Author of Adam and Steve, a novel about reexamining your prejudices

Posts tagged ‘prejudice’

The back-firing of the “George Zimmerman” Defense

For the most part, those macho white males who love their guns and their right to carry and use them whenever and wherever they please enacted in over 30 states “Stand Your Ground” laws. These laws permit individuals to defend themselves with deadly force when they feel threatened, an extraordinarily subjective standard affected by, among other things, prejudice, intolerance and racial profiling. Even in New York City where minorities make up more than half the population and racial profiling abounds, carrying a gun is a white man’s sport. The NYPD stops African-Americans and Latinos 84% of the time, although they comprise only 54% of the population. Of those stops, the NYPD is more likely to discover a weapon on one of 49 whites as compared to one of 93 African-Americans. SeeStop and Frisk and the Urgent Need for Meaningful Reforms, issued by the Office of Bill de Blasio, Public Advocate for the City of New York, 2013.

Under Florida’s “Stand Your Ground” law, a jury acquitted George Zimmerman, a neighborhood watch volunteer, of murdering Trayvon Martin, an African-American youth. In doing so, the jury defined the parameters of the threat necessary to kill with impunity.  Although Zimmerman stalked Martin, Martin apparently caused his own death when he stood his ground and, although unarmed,  confronted an armed Zimmerman. A fight ensued with Martin overpowering the beefier and more out of shape Zimmerman. Zimmerman, more frightened of Martin than Martin was of Zimmerman, was then free to fatally shoot the teenager. See, http://wapo.st/18mnWVo.

The defense protested that race was not an issue. Yet, it was. Like so many Americans, including law enforcement professionals and wannabes, George Zimmerman racially profiled his target. A tall and strapping African-American youth walked before him after dark in a residential neighborhood, with hood covering his head. In Zimmerman’s world, he needed nothing more in order to fear the teenager.  Nonetheless, more could have been present. Because Zimmerman carried a gun, he might have had a heightened sense of paranoia – definitely not something George Zimmerman or Trayvon Martin needed on that dark, Florida street. See, Notre Dame Study referred to in: Study: Carrying a gun can make you more paranoid, http://smrt.io/GJWRYk.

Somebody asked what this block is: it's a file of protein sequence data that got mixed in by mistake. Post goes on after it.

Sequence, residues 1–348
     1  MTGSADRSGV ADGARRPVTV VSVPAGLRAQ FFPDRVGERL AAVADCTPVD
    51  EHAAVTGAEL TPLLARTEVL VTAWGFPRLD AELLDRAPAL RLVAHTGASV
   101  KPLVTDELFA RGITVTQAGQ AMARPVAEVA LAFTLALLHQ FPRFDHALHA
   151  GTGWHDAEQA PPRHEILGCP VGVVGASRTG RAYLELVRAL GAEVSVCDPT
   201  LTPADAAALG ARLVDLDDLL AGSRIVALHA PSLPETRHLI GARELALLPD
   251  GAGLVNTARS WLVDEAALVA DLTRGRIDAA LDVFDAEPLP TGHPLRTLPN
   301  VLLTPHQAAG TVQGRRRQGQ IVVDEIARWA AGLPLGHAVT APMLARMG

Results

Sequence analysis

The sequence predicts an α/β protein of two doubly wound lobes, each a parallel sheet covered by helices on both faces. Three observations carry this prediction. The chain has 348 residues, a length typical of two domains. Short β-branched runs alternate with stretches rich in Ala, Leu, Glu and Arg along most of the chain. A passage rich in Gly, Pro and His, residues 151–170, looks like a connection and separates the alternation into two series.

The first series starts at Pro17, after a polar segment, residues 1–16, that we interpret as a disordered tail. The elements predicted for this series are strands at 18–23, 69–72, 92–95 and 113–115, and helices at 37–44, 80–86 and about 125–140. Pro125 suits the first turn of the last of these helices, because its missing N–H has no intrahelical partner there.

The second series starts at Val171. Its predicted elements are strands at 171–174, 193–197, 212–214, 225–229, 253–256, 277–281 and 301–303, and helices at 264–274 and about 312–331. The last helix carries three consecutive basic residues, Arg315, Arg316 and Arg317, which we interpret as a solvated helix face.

We have heard a myriad of calls for calm directed at our African-American community, a community with the right to be angry. Because of racial profiling, one of their and our own was killed. Yet we have heard nothing directed at our non-African American community cautioning that the “Stand Your Ground” laws do not grant free rein to harass, hurt and kill those different from themselves.

Thanks to that Florida jury, we are all fair game to the possible unintended consequences of the Zimmerman verdict. To the victim of profiling, remember Trayvon Martin. The danger to your life from a man following you is very real. If you stand your ground and kill the stalker with your concealed weapon, Zimmerman’s jury may have handed you a tried and true defense.  To the woman who has always felt that chill of fear walking a dark street with a man too close behind, you might now have the right to stand your ground and take his life, making him the next victim of the “George Zimmerman” defense.  The white man’s hard-fought for right to carry and use firearms may very well have just backfired.

TrayvonMartinHooded

Image of Trayvon Martin courtesy of: http://trayvonmartinfoundation.org/about/

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Paula Deen and the N word.

Paula Deen

Image courtesy of: http://tmz.me/11d4GWR

Paula Deen’s, “Yes, of course,” to the question, “Have you ever used the N word yourself?” exhibits the crudeness and cockiness of Paula Deen’s racism.  Because of her words, the Food Network, Wal-Mart, Smithfield Foods, and Caesars Entertainment have dumped Ms. Deen, as her many followers extol her virtues and forgive her improprieties, and her many detractors abhor her remarks.

Her apologists do not blame Ms. Deen. Rather, they blame history. Apparently, Ms. Deen’s racism is understandable in light of her Southern upbringing. We are to believe the hackneyed stereotypes that Southerners are too ignorant, stupid or racist to appreciate or care about the use of the N word and other slurs, racist and anti-Semitic jokes and a life time of inappropriate and hateful language.